‘Furious 7’ is big, dumb and sincere
Written by Matt Camarda|
April 9, 2015
I would love to be a fly on the wall during a Fast and Furious brainstorming session. It would surely be a sight — grown men discussing with glee how they will drop armored cars from 20,000 feet. I would imagine the only difference between them and a group of sugar-fueled 11-year-olds prepping for laser tag would be that the former has $250 million at their disposal.
Furious Seven begins just after Fast and Furious 6, where Deckard Shaw, played by Jason Statham with slightly more humor than menace, has just blown up Han in Tokyo. Shaw wants revenge against Dominic Toretto (Vin Diesel) and his gang for crippling his brother. After barely surviving a massive blast to their home, Toretto, Brian (Paul Walker) and co. launch an all-out war against Shaw. They find themselves knee-deep in a shadow war involving a chip with the ability to hack into every surveillance camera on the planet. They enlist the help of secret agent Frank Petty (Kurt Russell) and hacker Ramsey (Emmanuelle Chriqui) — but the story is only relevant so far as it takes our heroes from one action scene to another.
What Furious Seven lacks in logic, it makes up for in heart. The friendship between Dom and Brian combines equal parts machismo and genuine emotion. Interactions between the team are breezy and loving, with Dom never letting them forget their familial bonds. While the rekindling romance between Dom and his amnesiac wife, Letty (Michelle Rodriguez), is shortchanged, Brian’s conflict between his desire for thrills and his duty to his wife and child is compelling. Given that Walker perished before finishing filming, director James Wan does a respectable job incorporating him into the drama, making him the focal point of the film.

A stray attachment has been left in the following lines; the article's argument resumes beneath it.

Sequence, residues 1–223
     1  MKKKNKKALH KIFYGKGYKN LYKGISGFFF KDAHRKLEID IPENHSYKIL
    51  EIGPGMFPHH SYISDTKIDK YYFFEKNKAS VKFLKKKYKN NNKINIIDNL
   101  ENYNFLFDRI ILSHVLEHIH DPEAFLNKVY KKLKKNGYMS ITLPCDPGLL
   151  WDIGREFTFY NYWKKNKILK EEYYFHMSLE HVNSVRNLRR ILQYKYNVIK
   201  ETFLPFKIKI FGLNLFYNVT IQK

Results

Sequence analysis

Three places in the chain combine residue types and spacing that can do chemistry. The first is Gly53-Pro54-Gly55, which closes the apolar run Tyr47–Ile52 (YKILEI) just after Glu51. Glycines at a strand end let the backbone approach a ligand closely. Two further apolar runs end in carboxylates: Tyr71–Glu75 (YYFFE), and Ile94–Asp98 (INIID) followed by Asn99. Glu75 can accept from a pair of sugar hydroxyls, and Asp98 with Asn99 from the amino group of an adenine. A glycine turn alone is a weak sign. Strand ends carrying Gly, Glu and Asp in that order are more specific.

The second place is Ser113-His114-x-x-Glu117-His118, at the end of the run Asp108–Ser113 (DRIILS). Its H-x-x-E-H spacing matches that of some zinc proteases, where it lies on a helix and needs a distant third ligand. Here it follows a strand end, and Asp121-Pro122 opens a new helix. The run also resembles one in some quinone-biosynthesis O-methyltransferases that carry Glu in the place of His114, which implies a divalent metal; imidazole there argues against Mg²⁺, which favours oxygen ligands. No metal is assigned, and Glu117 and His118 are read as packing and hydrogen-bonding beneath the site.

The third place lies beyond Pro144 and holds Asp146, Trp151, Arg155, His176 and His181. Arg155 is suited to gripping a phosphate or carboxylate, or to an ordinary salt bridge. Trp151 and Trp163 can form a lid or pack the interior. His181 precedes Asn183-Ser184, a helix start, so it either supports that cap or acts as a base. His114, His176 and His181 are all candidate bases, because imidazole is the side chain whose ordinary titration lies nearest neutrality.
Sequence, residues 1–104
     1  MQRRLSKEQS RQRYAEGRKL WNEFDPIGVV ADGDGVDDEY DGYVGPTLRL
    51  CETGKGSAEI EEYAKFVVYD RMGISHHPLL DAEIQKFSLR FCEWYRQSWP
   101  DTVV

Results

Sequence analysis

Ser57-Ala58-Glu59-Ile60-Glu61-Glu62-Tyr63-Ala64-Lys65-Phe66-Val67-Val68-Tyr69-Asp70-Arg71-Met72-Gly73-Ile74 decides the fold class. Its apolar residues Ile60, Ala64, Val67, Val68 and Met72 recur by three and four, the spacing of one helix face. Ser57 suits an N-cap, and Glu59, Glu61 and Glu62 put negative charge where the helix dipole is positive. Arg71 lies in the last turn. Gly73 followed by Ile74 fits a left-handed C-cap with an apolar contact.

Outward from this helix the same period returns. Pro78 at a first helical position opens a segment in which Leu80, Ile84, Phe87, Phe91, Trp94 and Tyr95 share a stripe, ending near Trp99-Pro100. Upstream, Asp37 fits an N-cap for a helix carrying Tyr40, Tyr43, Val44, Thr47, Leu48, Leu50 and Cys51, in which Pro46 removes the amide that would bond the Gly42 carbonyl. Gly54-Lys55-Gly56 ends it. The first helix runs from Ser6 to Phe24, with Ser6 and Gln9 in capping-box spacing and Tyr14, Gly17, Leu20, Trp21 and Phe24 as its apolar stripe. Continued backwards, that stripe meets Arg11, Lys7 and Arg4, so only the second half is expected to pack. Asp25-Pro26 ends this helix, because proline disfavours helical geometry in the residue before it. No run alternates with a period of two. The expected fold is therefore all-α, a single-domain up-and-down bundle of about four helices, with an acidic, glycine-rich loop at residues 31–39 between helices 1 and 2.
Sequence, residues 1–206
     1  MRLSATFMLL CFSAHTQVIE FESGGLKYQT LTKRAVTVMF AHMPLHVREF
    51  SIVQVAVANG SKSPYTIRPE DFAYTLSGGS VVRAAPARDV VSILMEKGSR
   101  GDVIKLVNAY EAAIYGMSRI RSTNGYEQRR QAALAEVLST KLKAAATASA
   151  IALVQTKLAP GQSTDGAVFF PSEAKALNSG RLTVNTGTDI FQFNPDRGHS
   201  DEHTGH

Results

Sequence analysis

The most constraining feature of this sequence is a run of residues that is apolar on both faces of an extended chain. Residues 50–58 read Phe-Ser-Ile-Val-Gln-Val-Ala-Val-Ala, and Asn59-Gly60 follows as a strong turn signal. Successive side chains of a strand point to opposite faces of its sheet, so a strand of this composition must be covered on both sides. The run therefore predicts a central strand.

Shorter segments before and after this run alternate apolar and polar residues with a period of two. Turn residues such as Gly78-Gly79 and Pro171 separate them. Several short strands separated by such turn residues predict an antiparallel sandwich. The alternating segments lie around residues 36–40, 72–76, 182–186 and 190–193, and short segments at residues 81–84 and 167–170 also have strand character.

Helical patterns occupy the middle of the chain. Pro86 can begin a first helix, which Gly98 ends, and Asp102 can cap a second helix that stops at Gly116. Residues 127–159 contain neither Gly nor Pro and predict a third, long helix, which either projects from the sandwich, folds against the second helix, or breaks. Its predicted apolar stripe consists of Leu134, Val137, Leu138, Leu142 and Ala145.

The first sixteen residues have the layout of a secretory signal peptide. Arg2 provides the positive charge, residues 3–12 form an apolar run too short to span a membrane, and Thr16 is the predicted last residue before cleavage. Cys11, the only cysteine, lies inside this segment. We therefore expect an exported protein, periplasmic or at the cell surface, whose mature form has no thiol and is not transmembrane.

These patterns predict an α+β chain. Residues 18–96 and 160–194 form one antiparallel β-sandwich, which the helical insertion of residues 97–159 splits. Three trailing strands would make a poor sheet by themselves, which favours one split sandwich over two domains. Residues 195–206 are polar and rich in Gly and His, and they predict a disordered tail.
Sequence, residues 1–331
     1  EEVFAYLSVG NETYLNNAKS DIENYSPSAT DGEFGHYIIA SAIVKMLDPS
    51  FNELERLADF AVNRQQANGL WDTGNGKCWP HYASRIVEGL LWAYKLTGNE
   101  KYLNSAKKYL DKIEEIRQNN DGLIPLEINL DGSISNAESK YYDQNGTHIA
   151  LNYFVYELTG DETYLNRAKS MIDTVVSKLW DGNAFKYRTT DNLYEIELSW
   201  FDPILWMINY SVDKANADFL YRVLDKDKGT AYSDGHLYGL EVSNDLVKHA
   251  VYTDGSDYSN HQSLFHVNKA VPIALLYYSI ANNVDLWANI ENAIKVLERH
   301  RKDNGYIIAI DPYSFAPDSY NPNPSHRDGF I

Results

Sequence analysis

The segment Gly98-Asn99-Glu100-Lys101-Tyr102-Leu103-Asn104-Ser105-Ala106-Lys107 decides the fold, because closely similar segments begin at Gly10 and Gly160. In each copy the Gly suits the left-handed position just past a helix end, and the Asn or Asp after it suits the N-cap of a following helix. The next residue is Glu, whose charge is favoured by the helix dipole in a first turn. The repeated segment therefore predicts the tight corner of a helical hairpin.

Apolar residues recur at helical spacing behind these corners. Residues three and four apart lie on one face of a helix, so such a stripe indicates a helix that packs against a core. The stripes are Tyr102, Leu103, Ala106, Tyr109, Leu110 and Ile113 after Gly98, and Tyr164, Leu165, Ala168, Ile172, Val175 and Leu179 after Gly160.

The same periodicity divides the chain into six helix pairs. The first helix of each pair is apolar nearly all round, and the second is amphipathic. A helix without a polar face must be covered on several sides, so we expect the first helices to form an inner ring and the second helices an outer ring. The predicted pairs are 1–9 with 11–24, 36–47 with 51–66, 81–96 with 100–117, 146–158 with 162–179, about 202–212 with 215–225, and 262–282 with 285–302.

As for the action, the chase scenes are well shot and coherently edited; vehicular mayhem has never looked so good, and I could always tell what was happening, no matter how absurd it was. Furious Seven revels in its hand-to-hand combat, filling each fight with gleeful energy and humor. Despite varying levels of creativity, the film’s set pieces are consistently fun.
At times deftly and other times clumsily, Furious Seven pulls off madcap action scenes that boggle and entertain. Fast-paced and confident, it knows exactly what kind of movie it wants to be. What surprised me the most, however, was its emotional resonance. Stripped bare, the film is basically a love letter to the late Paul Walker. The film handles his death with grace and maturity in a touching, bittersweet ending I did not anticipate. I only wonder where Fast and Furious can go without Walker.